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8:10 p.m.

France 2 TV is reporting that "the sound of an explosion can be distinctly heard during the flight" according to "an investigator who had access to the black box" of the Metrojet plane that crashed in the Sinai.

France's BEA accident investigation agency said it could not confirm the report. The agency has experts now in Egypt investigating the crash because the Metrojet Airbus A321-200 was made in France.

U.S. and British officials think the plane that crashed Saturday, killing all 224 people aboard, may have been blown up by a bomb.

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7:25 p.m.

A retired senior official in Egypt's Tourism Ministry says "airport security procedures in Egypt are almost (all) bad."

Magdy Salim tells The Associated Press that the crash of a Russian airliner in Egypt's Sinai Peninsula, killing all 224 people onboard, may be a deadly blow to the country's battered tourism sector, which has yet to fully recover after years of political turmoil.

Salim says he understands why people are scared — that's because security measures in Egypt are lax.

He says airport guards regularly skip security checks for friends or co-workers. He says they often don't search people "if they look chic or if they come out of a fancy car."

He noted that a donkey was found wandering around Cairo airport in April. In recent weeks, a stray dog wandered onto a runway and security forces were called in to catch a rogue cat ahead of an inspection by international regulators.

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7:10 p.m.

In the Egyptian resort of Sharm el-Sheikh, frustrated tourists are bemoaning conflicting information not only about when they can leave — but also about how to pack.

British businessman James Farrar, who is stuck in a hotel with his partner, says: "We haven't been given information about how we should repack our stuff. We hear there are restrictions on what we can take in your hand luggage as well."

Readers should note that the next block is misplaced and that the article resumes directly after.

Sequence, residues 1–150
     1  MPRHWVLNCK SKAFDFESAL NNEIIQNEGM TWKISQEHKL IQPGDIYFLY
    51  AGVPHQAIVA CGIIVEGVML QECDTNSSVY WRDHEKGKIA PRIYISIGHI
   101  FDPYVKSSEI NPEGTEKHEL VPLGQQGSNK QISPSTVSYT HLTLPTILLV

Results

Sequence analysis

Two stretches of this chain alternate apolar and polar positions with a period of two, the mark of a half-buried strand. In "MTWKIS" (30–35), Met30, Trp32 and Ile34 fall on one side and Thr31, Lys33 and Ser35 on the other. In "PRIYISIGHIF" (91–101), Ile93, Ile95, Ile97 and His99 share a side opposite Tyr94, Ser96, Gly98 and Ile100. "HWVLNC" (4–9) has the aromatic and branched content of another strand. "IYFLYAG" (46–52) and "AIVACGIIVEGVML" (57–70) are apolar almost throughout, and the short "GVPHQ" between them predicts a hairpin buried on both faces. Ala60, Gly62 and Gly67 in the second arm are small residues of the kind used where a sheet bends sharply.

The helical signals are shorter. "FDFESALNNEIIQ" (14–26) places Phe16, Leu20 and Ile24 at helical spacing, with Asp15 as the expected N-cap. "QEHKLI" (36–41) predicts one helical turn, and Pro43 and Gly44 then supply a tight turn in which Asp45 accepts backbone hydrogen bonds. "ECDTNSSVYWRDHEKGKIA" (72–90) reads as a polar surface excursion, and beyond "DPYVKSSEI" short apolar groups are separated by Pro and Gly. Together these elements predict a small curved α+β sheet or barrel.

Hundreds of British tourists at the resort had been promised flights home Friday, though only a minority of the flights managed to take off and passengers were only allowed to carry hand luggage onboard.

Farrar said the prospect of being separated for days from most of his belongings was "disconcerting." He said many tourists had little faith in the increased airport security measures after reports surfaced that some managed to jump the queues by bribing security guards.

Security has been tightened because U.S. and British officials fear a bomb might have blown up a Metrojet flight in midair Saturday, killing all 224 people onboard.

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6:40 p.m.

Slovenia's national carrier is suspending all flights to the Egyptian resort of Sharm el-Sheikh following the crash of a Russian jet over Egypt.

Adria Airways said Friday its first scheduled flight to Sharm el-Sheikh on Saturday has been canceled but the company will still be flying to Egypt's other Red Sea resort of Hurgada.

Slovenia's foreign ministry is advising citizens against traveling to Egypt until more is known about the cause of the crash that killed 244 people onboard. It says citizens already in Egypt should stay within the tourist resorts.

A Metrojet flight carrying 224 people crashed in the Sinai Peninsula on Saturday. .U.S. and British officials fear a bomb might have blown up the plane in midair.

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6:30 p.m.

Several flights heading to Sharm el-Sheikh to bring back stranded British tourists have turned around in mid-air, and airlines are scaling back the number of flights they plan to operate.

Monarch sent five empty planes from Britain to the Red Sea resort but said only two would return Friday. Two more were on the ground in Sharm el-Sheikh and the fifth was diverted to Larnaca, Cyprus.